The standing overhead press is possibly the best upper body exercise for building muscle. Today, the bench press gets all the glory as the best upper body pushing movement, but back in the day, the standing overhead press was the main exercise to some of the most impressive physiques. Through the years, all the big names in weightlifting like Sandow, Steve Reeves, Reg Park, and Arnold used overhead pressing.
Until 1972 the overhead press was a main exercise in weightlifting competitions but athletes arched their back so much to press more weight overhead that it became too hard for judges to tell if there was “excessive arching” and it was replaced with the bench press.
Standing overhead press muscles worked:
The standing overhead press is actually more effective than the bench press at building upper body mass. The muscles that take the main load during this exercise are the shoulders, the triceps and the upper chest. However, there are a number of other larger and smaller muscle groups involved during the execution of this exercise.
Because you are standing up rather than laying down, your core muscles ( your abs, obliques, transverse abdominal muscles, lower back and spinal stabilizers) work harder in order to stabilize your body, which means a better workout for the back, legs, and abs. Besides, well developed shoulders look more powerful than a big chest and small shoulders.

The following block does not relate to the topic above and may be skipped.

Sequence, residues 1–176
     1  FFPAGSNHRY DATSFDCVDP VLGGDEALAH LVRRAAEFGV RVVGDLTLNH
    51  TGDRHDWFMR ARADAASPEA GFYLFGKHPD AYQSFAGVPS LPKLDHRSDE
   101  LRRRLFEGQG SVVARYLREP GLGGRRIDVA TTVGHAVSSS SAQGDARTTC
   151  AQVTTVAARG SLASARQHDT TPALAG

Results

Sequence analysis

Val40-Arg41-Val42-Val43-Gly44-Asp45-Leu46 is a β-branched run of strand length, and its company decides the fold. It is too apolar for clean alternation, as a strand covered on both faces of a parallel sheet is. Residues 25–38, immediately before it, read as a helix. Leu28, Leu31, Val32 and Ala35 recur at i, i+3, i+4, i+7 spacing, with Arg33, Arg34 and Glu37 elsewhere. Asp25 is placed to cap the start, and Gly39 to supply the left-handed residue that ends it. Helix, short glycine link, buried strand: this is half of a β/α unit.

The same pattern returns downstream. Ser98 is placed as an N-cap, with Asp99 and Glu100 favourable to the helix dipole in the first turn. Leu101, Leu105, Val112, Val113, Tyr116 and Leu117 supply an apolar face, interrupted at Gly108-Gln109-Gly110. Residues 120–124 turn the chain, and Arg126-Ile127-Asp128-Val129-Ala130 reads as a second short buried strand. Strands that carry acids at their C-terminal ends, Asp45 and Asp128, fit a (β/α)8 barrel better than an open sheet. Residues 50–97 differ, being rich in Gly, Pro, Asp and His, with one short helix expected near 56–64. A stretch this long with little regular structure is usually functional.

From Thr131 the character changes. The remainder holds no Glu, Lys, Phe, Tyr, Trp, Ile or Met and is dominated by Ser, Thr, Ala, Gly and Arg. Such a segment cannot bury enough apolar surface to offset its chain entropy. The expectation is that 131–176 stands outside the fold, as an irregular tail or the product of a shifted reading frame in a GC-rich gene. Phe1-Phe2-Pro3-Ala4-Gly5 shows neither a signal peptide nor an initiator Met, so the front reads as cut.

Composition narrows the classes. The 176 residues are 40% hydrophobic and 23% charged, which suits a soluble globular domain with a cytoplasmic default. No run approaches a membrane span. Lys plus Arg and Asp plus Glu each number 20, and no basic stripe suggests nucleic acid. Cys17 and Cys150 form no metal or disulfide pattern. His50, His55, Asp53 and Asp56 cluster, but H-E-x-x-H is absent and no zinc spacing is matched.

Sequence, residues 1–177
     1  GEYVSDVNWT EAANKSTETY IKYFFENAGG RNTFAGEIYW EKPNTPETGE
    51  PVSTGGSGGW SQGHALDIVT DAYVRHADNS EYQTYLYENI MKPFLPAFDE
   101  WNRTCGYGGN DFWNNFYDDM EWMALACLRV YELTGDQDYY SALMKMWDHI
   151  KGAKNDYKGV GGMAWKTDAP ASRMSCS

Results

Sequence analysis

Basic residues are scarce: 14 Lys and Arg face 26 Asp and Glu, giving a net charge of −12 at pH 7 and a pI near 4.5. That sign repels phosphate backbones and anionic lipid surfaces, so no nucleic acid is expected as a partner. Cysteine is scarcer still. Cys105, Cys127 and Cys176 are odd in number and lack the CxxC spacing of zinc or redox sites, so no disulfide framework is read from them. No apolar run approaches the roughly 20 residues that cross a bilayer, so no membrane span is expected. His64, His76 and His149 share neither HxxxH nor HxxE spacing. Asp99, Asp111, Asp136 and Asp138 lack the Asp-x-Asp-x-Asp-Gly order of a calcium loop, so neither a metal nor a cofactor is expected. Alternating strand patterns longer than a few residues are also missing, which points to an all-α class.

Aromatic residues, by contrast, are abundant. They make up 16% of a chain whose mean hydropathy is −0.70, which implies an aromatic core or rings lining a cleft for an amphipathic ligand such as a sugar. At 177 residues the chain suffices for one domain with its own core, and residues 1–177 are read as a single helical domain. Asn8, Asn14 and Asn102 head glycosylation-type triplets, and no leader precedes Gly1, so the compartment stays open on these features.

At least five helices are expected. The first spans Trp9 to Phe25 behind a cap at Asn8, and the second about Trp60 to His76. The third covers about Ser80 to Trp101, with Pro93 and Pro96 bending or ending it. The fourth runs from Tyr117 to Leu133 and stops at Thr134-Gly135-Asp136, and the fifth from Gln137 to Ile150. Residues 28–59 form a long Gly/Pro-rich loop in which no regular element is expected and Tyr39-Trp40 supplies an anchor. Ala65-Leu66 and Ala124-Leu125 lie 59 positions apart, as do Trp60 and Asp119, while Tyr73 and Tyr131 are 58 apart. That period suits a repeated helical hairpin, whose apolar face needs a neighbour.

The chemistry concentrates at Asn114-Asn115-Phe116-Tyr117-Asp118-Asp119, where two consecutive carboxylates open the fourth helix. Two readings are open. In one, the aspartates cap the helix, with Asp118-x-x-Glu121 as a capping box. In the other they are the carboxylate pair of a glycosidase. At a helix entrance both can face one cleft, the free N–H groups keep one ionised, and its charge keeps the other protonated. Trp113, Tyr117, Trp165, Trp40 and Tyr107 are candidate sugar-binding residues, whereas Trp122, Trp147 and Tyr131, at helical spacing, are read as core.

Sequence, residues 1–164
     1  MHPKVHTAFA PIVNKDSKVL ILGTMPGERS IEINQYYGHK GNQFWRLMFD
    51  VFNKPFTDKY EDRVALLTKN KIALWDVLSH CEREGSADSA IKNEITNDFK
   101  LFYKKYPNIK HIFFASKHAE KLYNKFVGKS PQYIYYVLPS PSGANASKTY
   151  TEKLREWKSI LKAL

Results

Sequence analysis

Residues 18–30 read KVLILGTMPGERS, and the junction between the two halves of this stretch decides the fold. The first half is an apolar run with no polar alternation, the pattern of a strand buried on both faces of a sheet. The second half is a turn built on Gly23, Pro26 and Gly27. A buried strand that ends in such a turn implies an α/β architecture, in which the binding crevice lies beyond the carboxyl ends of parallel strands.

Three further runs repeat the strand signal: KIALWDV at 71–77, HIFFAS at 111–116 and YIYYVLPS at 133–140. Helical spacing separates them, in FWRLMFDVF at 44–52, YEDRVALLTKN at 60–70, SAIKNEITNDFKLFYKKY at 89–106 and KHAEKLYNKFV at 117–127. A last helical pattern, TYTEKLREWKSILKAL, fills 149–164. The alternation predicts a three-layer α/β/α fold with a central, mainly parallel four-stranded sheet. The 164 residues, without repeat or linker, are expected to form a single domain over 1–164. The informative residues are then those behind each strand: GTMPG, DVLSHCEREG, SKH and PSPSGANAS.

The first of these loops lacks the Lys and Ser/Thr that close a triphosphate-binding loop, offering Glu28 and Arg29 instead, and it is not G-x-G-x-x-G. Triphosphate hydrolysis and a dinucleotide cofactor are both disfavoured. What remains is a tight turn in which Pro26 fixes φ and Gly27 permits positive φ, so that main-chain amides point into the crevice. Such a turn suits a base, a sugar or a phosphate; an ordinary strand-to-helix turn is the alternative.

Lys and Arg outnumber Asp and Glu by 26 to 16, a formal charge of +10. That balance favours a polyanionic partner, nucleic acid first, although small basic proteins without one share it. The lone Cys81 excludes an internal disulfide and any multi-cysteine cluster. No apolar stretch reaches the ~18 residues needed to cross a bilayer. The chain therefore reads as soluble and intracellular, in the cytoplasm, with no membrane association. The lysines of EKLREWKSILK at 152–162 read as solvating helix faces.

Standing overhead press benefits :
– You get a full body workout
Besides the shoulders, arms and upper chest, you work your back, abs and legs while pressing. More muscle being worked means more HGH gets released.
– You get a full shoulder workout with one exercise
The overhead press works all 3 shoulder heads of the shoulders while the bench press works only the front deltoids.
– Overhead pressing helps in fixing shoulder imbalances
Shoulder imbalances can occur because of excessive bench pressing. Those who bench press very often but pay less attention to their back and rear shoulders can get what is known as rounded shoulders. By working all three heads of the shoulders, overhead presses can help in fixing this issue.
– You don’t need a spotter
With the overhead press you won’t need a spotter like you do with the bench press. You will never get stuck under the bar; all you need to do, is to let go of the bar and it will fall on the floor instead of your chest or face.
How to do the overhead press
– Stand with your feet shoulder width apart and the bar resting on your upper chest.
– The grip should be slightly wider than shoulder width.
– Elbows should be pointing forward and knees tight.
– Squeeze your glutes and press.
Remember, never use too heavy and arch your back too much as this can lead to injury.